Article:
My friends at Long and Short Reviews started a blogging challenge and this week’s topic is favorite foods–an offer I can’t refuse. Looks like they’ve turned me into a food writer!
You Say Potato, I Say Wonderful
Potatoes were nearly always on the dinner plate in my youth, since my family’s Irish. Yet unlike most childhood staples, I’ve never gotten tired of them. In fact, I love them more than ever.
Spuds are tasty, filling and comforting, plus they’re full of nutrients. I read that if you had to live on two items, whole milk and white potatoes with skin would provide the most complete diet.
My kitchen is rarely without a bag of potatoes plus a box of good instant ones. Don’t knock the latter; a chef taught me that adding some to hand-mashed potatoes makes for a smoother texture. And whatever you’d use for a loaded baked potato you can also load onto a scoop of mashed.
When I was young and broke, potatoes were an economic godsend and inspired endless cooking creativity. Want to use up leftover scraps of chicken, spoonfuls of soup, assorted veggies and other meal fragments? Blend in milk or wine, add a spice or two and serve on a baked potato. Dish it up in a bowl or crock and it’ll look practically elegant.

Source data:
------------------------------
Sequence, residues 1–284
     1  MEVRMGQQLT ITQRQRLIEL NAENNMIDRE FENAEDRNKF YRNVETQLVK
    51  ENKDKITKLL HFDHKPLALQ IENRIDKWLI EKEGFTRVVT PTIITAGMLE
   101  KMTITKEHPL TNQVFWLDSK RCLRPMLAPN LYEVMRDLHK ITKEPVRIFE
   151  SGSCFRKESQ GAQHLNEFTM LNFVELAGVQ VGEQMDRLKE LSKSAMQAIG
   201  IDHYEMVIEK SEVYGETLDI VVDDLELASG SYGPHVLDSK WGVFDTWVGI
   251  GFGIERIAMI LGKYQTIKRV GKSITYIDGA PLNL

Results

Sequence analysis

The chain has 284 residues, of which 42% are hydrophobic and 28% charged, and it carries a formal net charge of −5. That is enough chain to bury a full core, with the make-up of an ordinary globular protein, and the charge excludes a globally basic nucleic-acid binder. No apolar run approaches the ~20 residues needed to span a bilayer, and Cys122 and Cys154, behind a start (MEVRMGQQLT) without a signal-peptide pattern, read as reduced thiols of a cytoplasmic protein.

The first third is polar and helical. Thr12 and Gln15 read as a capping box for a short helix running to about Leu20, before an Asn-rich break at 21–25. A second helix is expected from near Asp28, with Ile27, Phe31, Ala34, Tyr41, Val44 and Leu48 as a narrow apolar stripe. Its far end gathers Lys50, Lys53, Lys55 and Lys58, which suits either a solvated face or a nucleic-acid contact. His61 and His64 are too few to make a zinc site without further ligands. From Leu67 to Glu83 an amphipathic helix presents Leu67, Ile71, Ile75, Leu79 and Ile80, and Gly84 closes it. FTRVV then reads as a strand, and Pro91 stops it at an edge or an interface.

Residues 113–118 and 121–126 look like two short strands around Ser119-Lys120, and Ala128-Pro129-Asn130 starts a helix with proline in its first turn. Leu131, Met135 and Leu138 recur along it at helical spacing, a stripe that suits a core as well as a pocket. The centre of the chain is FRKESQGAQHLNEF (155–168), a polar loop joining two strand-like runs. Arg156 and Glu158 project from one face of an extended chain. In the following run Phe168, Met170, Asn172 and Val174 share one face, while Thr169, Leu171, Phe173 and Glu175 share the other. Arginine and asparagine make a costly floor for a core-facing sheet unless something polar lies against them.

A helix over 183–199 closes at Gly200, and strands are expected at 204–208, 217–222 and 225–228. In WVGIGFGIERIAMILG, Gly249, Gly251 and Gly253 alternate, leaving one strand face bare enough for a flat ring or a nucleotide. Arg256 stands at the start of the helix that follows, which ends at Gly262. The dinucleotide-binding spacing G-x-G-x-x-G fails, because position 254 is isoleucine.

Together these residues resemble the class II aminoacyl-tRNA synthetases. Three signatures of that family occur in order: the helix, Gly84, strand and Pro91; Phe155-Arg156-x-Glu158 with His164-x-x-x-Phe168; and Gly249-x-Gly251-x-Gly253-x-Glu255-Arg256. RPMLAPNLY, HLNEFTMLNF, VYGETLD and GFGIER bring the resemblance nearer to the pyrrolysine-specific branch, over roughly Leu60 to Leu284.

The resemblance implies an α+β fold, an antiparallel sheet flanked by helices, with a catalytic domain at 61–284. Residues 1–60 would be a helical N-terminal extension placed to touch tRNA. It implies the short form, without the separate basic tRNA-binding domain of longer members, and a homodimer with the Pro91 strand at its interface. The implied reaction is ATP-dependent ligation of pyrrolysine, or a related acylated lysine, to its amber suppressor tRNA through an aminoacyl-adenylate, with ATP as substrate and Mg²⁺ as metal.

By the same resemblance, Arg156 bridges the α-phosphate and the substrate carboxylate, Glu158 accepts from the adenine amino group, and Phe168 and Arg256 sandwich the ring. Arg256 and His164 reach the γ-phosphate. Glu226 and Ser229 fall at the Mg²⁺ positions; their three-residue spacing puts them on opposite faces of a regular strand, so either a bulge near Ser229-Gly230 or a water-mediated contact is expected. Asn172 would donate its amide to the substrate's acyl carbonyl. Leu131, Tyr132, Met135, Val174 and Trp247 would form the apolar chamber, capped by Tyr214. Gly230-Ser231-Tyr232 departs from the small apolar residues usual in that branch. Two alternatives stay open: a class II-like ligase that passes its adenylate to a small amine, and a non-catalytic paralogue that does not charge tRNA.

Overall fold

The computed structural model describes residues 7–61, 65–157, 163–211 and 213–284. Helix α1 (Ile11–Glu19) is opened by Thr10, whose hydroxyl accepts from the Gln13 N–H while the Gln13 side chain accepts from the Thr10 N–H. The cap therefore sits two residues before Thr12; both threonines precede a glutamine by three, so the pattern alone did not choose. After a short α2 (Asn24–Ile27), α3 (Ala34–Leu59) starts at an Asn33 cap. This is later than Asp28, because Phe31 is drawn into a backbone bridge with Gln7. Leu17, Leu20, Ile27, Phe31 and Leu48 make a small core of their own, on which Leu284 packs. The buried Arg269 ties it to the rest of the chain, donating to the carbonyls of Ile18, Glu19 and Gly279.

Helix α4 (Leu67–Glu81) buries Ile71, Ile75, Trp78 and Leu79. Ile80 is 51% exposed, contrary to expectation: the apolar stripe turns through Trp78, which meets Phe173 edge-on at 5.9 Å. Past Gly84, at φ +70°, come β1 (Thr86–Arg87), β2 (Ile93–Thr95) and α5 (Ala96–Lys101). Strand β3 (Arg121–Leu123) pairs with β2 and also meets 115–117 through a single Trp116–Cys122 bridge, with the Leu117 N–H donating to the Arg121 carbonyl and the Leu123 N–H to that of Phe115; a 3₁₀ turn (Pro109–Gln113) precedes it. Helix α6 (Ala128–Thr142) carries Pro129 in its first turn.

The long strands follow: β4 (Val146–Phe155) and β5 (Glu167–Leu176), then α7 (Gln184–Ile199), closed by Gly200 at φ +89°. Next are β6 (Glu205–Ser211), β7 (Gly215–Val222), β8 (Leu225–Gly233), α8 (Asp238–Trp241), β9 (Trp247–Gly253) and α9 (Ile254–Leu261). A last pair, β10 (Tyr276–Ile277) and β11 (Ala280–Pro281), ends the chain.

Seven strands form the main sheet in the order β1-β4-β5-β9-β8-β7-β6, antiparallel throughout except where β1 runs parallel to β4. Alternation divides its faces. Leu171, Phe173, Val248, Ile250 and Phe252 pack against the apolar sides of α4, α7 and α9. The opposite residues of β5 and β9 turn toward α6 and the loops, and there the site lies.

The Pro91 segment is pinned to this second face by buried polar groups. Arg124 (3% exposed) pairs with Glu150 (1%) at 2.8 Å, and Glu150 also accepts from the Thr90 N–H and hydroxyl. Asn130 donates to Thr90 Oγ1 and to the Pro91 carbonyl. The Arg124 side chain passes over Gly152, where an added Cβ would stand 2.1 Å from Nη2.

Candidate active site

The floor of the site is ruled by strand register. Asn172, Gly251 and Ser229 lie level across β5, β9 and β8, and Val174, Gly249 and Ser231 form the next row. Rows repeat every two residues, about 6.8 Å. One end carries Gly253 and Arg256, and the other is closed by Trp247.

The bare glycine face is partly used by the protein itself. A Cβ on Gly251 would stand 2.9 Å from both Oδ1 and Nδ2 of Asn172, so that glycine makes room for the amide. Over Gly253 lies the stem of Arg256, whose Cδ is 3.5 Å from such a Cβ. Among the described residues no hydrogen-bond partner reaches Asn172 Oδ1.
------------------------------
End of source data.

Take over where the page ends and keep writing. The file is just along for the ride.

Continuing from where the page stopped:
Anything you’d mix into pasta, put on a sandwich or heap onto rice, add to a potato instead. Pour on spare marinara or meat sauce or spoon on your chili and shredded cheese. Spritz salad dressing on chunks of potato, celery and tomato for a yummy salad.
Speaking of salad, I invented one to enjoy cold potatoes sans mayonnaise. I call it Potato Salad Provençal since I use ingredients of the region (and I’m part French), but I like to experiment and rarely obey recipes so I keep varying it. If you don’t like tomatoes, olives or onions, omit those and stick to potatoes by their lonesome. They’ll still taste fine. After all, they’re potatoes.
Potato Salad Provençal
6 medium to large cooked potatoes (at least some red if possible) with skin, cubed
½ – 1 cup sliced olives, depending how much you like olives
1 large red onion, diced
½ cup sundried tomatoes, cut in thin strips
1 tsp. dried basil or ¼ cup fresh basil
1/3 cup olive oil *
¼ cup cider vinegar *
2 tbs. sugar
1 tsp. garlic powder
1 tsp. herbs de Provençe (optional)
* Substitute ½ cup or so of vinegary dressing, maybe Italian or balsamic, if you like.
Combine ingredients in a large bowl, refrigerate an hour and try not to keep sampling it until the bowl looks depleted and you have to make another batch.